Dave McDowell to Step Down as Director of the Institute for Materials (IMat)

<p>Dave McDowell is stepping down after seven years as founding director of Georgia Tech's Institute for Materials. </p>

Dave McDowell is stepping down after seven years as founding director of Georgia Tech's Institute for Materials. 

After more than seven years of shepherding interdisciplinary materials research and defining a materials innovation ecosystem at the Georgia Institute of Technology, David L. McDowell is stepping down from his role as founding director of the Institute for Materials (IMat).

McDowell is the Carter N. Paden Jr. Distinguished Chair in Metals Processing and a Regents Professor. He holds a dual appointment in the George W. Woodruff School of Mechanical Engineering (ME) and the School of Materials Science and Engineering (MSE).

IMat was founded in Fall 2012 and formally launched in June 2013 in conjunction with a press release from the White House Office of Science and Technology Policy highlighting Georgia Tech’s commitment to the U.S. Materials Genome Initiative. IMat serves a community of more than 200 faculty and staff conducting materials-related research that bridges across all colleges and academic units at Georgia Tech, including the Georgia Tech Research Institute. IMat’s goal is to develop a materials innovation ecosystem to help define and pursue current and future science and technology challenges that require a multifaceted and collaborative approach. 

McDowell was an early believer in the interdisciplinary approach to research. Serving as associate director (1984-1992) and director (1992-2012) of the Mechanical Properties Research Lab at Georgia Tech, he helped the facility grow into an umbrella organization that coordinates shared equipment use, training, and maintenance among campus researchers working in structural materials.

Under his leadership, and in partnership with the Institute for Electronics and Nanotechnology as well as key academic units such as MSE, IMat merged several characterization and analysis laboratories on campus into the Materials Characterization Facility (MCF). In 2019, the MCF supported more than 650 unique campus and external users in materials research, making high-end characterization tools and staff resources available to academic, industry, and government users.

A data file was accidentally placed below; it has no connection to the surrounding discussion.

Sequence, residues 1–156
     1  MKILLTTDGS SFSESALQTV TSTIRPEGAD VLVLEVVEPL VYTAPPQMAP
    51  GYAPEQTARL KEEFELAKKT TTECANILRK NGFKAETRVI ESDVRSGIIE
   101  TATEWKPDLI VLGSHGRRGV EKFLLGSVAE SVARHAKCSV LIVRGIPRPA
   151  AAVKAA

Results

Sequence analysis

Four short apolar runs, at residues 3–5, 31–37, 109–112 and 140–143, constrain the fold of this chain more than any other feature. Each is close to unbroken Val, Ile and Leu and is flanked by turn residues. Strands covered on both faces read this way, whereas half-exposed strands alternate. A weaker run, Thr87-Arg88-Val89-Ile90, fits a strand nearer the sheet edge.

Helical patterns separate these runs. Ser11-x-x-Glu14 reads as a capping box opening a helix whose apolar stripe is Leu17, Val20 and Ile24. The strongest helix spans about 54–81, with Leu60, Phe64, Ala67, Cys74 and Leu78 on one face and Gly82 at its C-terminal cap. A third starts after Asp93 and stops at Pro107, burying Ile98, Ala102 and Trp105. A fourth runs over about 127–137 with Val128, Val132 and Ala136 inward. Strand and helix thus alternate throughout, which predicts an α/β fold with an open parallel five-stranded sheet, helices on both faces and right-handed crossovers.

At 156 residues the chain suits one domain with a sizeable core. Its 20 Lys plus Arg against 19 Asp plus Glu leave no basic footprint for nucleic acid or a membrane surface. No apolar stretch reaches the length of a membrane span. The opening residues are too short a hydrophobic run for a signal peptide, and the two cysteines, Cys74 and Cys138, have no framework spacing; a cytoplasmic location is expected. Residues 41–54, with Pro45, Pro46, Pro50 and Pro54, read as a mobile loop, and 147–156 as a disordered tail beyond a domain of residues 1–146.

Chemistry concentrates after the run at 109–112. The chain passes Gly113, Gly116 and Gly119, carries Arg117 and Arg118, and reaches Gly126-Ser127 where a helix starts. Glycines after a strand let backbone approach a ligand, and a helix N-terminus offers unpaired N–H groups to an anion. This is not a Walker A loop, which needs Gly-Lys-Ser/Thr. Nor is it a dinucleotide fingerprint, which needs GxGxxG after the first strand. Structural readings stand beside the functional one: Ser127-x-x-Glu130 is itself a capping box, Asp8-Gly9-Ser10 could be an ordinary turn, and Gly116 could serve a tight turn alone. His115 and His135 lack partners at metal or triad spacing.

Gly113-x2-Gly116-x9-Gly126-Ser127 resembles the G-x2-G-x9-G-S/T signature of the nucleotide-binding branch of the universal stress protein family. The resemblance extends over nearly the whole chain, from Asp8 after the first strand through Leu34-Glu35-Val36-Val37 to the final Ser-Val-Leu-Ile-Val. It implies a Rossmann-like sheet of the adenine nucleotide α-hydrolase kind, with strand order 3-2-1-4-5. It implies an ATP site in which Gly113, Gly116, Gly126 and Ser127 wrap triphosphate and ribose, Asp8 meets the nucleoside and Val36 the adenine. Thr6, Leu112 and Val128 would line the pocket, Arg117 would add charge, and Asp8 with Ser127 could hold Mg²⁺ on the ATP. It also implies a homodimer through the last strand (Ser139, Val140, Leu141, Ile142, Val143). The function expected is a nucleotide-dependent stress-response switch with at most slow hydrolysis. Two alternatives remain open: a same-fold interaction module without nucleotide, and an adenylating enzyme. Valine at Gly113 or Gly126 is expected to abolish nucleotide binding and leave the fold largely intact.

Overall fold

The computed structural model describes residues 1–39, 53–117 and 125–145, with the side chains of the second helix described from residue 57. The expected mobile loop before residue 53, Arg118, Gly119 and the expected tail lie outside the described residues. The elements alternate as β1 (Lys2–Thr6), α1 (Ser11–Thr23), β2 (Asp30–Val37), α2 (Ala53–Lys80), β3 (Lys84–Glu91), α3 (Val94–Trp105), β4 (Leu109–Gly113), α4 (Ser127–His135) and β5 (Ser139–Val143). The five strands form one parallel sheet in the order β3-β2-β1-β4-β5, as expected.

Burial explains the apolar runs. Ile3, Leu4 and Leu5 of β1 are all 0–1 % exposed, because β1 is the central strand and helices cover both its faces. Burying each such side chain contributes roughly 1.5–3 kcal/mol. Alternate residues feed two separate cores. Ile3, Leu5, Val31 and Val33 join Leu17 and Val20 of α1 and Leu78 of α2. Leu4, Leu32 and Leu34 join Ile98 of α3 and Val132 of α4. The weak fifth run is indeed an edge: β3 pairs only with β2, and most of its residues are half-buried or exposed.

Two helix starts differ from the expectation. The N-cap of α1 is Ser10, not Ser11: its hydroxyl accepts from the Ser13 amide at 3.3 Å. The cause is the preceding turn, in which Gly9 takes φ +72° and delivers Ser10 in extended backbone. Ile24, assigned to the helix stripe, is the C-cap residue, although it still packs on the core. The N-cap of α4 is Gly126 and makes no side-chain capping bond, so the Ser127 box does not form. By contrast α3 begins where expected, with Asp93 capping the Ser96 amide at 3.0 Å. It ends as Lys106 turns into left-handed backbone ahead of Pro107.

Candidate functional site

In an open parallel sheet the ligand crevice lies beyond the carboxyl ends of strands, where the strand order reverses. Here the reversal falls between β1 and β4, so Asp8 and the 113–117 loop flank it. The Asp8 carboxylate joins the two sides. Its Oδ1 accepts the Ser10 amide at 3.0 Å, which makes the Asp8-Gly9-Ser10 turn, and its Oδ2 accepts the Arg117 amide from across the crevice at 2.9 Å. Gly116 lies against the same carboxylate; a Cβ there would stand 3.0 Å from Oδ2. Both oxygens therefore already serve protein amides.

McDowell has also emphasized IMat’s pursuit of Georgia Tech’s leadership in the emerging field of materials data science to enhance basic research and substantially accelerate the discovery and development of new and improved materials. 

Traditional experimental methods are expensive and time consuming, slowing down the materials R&D enterprise. McDowell sees the need to apply such new methods in materials discovery and development as critical to U.S. competitiveness of basic research and insertion of materials into products. Through a strategy of identifying key faculty hires in academic units and investing in a thought leadership position among academic institutions, IMat has built a foundation for Georgia Tech’s highly visible efforts in this area.

In particular, the concept of a materials innovation ecosystem pursued by Georgia Tech has fostered significant cross-disciplinary research and education efforts.

“We thank Dave McDowell for everything he has done to advance interdisciplinary materials research at Georgia Tech over the past seven years as the founding director of the Institute for Materials,” said Raheem Beyah, vice president for interdisciplinary research. “His focus on materials data science was far-sighted and has helped make us a leader in this area.”

Although McDowell is stepping down from the directorship of IMat, he has no plans on leaving Georgia Tech. “What has kept me in the academic realm is my love for the development of students, and in particular graduate students, developing them as people and helping them realize their goals and dreams,” McDowell said. He will continue to teach to, and learn from, the next generation of leaders at Georgia Tech. 

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Writer: Christa Ernst

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